The Lessons of History
History in a Nutshell
My Favorite Is !$
My Favorite Is !:n*
My Favorite Is ^^
Using !$ for Safety with Wildcards
History by Number
Repeating a Cycle of Commands
Running a Series of Commands on a File
Check Your History First with :p
Picking Up Where You Left Off
Pass History to Another Shell
Shell Command-Line Editing
Changing History Characters with histchars
Instead of Changing History Characters
Fortunately, the original maxim that "history repeats itself" is more appropriate to Unix.
Most shells include a powerful history mechanism that lets you recall and repeat past commands, potentially editing them before execution. This can be a godsend, especially when typing a long or complex command.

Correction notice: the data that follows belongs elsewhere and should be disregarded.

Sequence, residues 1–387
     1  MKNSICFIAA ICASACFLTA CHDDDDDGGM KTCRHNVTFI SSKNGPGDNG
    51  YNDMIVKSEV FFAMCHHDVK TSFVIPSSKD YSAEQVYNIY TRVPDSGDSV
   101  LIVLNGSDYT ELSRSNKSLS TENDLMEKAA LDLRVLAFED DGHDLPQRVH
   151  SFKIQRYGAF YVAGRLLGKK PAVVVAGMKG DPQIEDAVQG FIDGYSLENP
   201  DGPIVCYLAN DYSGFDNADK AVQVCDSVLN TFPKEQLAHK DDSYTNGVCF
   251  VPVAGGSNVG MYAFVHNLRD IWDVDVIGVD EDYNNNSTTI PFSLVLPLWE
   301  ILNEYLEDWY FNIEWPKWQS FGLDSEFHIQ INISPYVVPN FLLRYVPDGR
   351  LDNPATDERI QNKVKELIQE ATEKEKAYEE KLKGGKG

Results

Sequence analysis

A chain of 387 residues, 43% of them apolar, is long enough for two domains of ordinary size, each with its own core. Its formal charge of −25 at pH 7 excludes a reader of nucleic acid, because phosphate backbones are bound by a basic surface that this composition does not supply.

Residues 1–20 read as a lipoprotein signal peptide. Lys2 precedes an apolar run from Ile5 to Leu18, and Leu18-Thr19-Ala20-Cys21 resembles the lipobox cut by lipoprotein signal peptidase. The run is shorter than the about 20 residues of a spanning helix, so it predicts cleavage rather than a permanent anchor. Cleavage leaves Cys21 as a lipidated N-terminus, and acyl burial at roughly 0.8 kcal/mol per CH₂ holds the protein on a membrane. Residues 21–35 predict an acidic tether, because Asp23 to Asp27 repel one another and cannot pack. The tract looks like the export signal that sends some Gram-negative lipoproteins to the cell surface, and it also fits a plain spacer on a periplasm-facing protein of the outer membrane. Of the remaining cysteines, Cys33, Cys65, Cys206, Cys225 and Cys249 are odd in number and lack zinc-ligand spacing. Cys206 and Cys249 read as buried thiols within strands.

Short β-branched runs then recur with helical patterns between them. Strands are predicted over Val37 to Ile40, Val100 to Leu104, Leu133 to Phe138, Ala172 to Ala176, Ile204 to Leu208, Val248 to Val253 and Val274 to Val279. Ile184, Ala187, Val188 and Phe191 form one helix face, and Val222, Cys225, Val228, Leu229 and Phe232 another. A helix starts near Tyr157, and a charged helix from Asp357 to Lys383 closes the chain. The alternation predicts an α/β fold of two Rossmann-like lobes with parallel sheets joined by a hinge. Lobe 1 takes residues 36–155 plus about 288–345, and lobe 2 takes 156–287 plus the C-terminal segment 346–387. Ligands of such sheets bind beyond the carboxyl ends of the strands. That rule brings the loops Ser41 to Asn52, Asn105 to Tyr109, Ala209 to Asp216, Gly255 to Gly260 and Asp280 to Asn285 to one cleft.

In ksh and bash, the variable is HISTSIZE, and it's already set for you; the default values are 128 and 500, respectively.
The history command (Section 30.7) lists the saved commands, each with an identifying number. (It's also possible to configure the shells to print the history number of each command as part of your prompt (Section 4.3).)
In tcsh, csh, and bash, you can repeat a past command by typing its number (or its name) preceded by an exclamation point (!). You can also select only parts of the command to be repeated and use various editing operators to modify it. Section 30.8 and Section 28.5 give quick tutorial summaries of some of the wonderful things you can do. Most of the rest of the chapter gives a miscellany of tips for using and abusing the shells' history mechanism.
Most shells -- except the original Bourne and C shells -- also have interactive command-line editing (Section 30.14). Interactive editing might seem to be better than typing !vi or lpr !$. If you learn both systems, though, you'll find plenty of cases where the ! system is faster and more useful than interactive editing.
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